(Proceed with caution: janky code ahead)
Hey everyone! My name is William from team 663B, and I have recently graduated. As such, I wanted to share with you all my pet project for the past few years: the program that I used during Change Up. I present to you: Project Cerebellum, a semi-intuitive graphical settings editor for the VEX V5 Brain. Let’s review some of the features:
- A motor configuration menu where you can alter:
- Motor ports
- Motor types
- Motor reversals
- A sensor configuration menu where you can alter:
- Sensor ports
- Sensor types
- A controller configuration menu where you can alter:
- What button the configuration is assigned to
- What type of motors the configuration moves
- What voltage the button moves the motor at (including reversed voltages)
- A drive model configuration menu where you can select whether you want your drive model to be Tank, Arcade (Left), Arcade (Right), or Split-Arcade.
- A complex autonomous editor, that allows the user to select a pre-defined autonomous, or create their own using an on-screen representation of the field.
- 15 custom autonomous slots
- Reads text from the standard input (PROS terminal) as an alternative to using the on-screen keyboard for text areas.
Now, I’m going to be candid with all of you. This program works, but is VERY janky. Editing it was a nightmare, and when I started this project, I didn’t even know how to use a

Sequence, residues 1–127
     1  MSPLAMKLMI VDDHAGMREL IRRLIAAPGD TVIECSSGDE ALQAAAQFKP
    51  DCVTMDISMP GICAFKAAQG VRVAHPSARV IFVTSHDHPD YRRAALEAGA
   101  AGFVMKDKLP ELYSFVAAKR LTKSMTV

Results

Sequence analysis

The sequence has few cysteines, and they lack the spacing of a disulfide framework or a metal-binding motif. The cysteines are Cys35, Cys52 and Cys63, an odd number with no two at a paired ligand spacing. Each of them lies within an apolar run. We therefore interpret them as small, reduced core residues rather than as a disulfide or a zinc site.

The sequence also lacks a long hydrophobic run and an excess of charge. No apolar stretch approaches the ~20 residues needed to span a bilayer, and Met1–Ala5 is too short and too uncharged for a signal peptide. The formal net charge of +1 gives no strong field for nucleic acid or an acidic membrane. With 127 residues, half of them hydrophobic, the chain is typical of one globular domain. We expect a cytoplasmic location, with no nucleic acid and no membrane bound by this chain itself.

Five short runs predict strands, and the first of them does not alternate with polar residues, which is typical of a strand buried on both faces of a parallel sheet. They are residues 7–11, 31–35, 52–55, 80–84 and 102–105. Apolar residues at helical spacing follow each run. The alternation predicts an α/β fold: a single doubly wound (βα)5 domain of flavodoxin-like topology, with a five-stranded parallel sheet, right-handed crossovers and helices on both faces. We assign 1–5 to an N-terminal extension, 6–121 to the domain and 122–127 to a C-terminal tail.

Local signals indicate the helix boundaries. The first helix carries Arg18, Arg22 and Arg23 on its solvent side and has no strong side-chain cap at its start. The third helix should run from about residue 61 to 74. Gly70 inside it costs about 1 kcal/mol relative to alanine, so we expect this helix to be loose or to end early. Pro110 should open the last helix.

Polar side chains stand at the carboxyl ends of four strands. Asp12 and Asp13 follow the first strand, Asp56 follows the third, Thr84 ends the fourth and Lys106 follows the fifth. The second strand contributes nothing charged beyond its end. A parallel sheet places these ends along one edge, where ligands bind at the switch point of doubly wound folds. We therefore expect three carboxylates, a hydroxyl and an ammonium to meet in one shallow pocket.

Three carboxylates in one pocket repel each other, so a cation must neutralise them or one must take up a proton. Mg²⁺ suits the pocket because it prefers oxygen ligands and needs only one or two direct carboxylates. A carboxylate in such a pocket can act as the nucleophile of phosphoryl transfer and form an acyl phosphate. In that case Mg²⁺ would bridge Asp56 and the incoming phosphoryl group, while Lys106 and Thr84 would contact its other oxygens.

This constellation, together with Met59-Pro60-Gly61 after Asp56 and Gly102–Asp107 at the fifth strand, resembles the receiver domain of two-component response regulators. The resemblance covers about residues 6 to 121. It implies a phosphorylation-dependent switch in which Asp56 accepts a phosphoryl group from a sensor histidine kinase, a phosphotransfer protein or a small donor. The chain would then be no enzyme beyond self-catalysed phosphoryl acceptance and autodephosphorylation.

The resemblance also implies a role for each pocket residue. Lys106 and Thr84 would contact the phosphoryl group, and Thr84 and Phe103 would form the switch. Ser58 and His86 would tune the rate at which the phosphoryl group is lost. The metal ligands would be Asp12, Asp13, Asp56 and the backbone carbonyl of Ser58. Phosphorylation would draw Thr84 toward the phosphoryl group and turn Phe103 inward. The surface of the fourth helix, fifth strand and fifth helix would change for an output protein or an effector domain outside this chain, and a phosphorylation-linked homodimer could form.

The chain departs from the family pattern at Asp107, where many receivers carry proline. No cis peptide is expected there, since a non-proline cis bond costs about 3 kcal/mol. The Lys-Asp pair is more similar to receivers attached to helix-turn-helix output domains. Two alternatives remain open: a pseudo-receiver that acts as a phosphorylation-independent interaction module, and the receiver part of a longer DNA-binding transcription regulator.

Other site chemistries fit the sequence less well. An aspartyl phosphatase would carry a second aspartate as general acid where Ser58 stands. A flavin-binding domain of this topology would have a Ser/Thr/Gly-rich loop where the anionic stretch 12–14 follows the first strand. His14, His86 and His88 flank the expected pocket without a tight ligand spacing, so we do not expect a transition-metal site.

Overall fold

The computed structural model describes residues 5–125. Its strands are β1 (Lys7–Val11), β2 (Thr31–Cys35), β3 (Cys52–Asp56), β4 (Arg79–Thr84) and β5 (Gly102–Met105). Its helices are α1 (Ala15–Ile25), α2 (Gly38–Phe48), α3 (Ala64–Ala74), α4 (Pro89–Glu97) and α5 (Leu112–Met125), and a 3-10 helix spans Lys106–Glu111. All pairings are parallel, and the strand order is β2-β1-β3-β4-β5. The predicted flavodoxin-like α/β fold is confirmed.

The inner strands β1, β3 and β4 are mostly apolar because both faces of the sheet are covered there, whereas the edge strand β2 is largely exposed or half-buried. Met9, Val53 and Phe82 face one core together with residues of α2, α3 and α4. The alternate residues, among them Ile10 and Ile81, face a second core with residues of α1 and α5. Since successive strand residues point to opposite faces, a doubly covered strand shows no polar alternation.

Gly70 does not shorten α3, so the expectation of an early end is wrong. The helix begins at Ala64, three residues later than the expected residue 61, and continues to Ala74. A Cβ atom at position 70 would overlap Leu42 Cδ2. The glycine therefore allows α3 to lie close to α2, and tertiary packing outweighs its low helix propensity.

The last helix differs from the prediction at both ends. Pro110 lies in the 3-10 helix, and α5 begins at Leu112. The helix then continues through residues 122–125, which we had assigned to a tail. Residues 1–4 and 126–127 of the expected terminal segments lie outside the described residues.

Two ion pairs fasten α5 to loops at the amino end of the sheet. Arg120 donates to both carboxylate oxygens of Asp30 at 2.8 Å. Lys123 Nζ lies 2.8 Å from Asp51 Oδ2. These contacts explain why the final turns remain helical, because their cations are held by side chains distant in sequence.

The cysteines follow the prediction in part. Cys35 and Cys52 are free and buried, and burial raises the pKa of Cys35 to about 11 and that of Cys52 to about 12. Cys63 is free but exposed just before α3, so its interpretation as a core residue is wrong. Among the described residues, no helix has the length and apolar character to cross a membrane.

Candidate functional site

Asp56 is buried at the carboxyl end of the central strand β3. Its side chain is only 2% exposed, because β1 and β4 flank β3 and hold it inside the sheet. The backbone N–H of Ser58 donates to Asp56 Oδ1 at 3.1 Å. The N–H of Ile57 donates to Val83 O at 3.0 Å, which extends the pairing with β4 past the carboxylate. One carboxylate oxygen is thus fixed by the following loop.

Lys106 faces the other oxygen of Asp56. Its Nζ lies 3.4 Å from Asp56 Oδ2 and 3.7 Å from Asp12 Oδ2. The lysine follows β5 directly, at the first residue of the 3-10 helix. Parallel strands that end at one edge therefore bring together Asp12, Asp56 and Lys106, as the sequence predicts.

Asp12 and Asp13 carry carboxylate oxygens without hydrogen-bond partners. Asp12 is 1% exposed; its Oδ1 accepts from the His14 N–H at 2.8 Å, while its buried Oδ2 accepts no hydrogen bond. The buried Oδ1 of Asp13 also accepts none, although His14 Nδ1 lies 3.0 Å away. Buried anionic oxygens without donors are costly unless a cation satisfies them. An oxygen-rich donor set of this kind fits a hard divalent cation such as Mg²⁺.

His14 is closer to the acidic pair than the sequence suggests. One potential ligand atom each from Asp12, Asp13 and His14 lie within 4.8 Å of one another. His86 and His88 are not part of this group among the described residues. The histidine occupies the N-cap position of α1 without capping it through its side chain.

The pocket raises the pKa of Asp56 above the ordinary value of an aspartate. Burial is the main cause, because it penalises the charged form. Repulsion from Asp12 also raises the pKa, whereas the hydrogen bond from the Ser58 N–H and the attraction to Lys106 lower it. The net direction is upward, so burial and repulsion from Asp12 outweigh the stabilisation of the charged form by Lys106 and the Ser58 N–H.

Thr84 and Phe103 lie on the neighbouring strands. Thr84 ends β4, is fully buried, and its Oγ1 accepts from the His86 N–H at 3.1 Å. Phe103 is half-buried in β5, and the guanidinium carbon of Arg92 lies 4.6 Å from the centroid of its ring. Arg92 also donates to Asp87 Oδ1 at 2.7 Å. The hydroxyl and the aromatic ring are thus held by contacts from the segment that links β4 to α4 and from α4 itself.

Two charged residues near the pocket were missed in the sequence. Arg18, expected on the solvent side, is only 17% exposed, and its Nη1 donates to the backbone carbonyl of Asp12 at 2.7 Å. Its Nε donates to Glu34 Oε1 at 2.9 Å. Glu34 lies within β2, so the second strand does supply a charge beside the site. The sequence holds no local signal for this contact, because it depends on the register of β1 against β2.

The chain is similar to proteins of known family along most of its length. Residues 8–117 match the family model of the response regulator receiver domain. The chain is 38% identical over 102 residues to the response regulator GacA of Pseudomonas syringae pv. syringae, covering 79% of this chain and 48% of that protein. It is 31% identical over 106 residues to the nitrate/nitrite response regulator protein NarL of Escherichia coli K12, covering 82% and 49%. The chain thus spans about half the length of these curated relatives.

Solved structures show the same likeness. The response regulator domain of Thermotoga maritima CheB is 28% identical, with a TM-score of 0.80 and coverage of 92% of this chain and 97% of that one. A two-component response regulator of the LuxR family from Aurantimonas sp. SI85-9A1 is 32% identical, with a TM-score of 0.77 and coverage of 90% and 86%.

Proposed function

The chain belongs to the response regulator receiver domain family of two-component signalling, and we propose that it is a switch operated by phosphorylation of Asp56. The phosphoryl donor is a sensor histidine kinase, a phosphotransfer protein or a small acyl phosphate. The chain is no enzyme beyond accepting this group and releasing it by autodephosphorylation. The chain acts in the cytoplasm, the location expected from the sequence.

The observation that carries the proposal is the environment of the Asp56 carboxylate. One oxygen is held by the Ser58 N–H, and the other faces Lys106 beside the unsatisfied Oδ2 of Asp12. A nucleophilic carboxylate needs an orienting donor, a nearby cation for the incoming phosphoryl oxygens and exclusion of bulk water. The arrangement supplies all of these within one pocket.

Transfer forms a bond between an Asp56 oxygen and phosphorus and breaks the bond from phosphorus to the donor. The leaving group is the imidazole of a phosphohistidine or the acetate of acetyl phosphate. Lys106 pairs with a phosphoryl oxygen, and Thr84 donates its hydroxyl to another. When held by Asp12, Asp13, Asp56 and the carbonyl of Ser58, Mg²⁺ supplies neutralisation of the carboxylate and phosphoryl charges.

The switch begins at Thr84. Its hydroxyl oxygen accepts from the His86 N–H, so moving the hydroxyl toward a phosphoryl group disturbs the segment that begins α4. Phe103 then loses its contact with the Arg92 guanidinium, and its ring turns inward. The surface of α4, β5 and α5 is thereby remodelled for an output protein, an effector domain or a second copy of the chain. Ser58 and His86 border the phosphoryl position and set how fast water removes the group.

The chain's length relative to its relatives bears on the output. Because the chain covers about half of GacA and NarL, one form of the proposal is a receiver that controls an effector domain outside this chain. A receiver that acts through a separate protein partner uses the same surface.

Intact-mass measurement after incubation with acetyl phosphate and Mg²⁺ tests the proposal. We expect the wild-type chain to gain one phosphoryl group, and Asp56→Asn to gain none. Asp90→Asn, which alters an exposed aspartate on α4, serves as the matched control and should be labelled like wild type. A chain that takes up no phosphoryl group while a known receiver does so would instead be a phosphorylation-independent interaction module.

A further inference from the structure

The program saves any changed data by reading from and writing to an ini file on the MicroSD Card. Without a MicroSD Card, any changes made will not be saved the next time the program is ran.
To set the program up, all you need is to build it and insert a MicroSD card into the V5 Brain.
Once ran, create a new motor in the motor menu and open the configuration. Set the port and the motor type using the menu in the upper right (something other than Left Drive, Right Drive, or Sorter. You can also define your own motor types by editing the
motor_type_list vector in globals.cpp). Then, open the button mapping configuration, and create a new button. Set the button you want to use, and go to the next page. Set the controller type using the drop-down menu to be the same as the motor you defined earlier.
Finally, set what voltage you want to the motor to run at on the final screen (-12000 to 12000).
Pressing the button you set earlier should cause the motor to move.
- Toggle-able button configurations
- Proportional-loop motor controls
- Pathfinder support
- Tipping-Point Configurations (Change Up only)
Adding a controller button in the button mapping menu crashes the program unless a motor has already been defined.
- Workaround: Define a motor beforehand.
Having more left drive motors than right drive motors causes the program to crash the next time it is ran.
- Workaround: Define the same number of left drive and right drive motors before rebooting the program.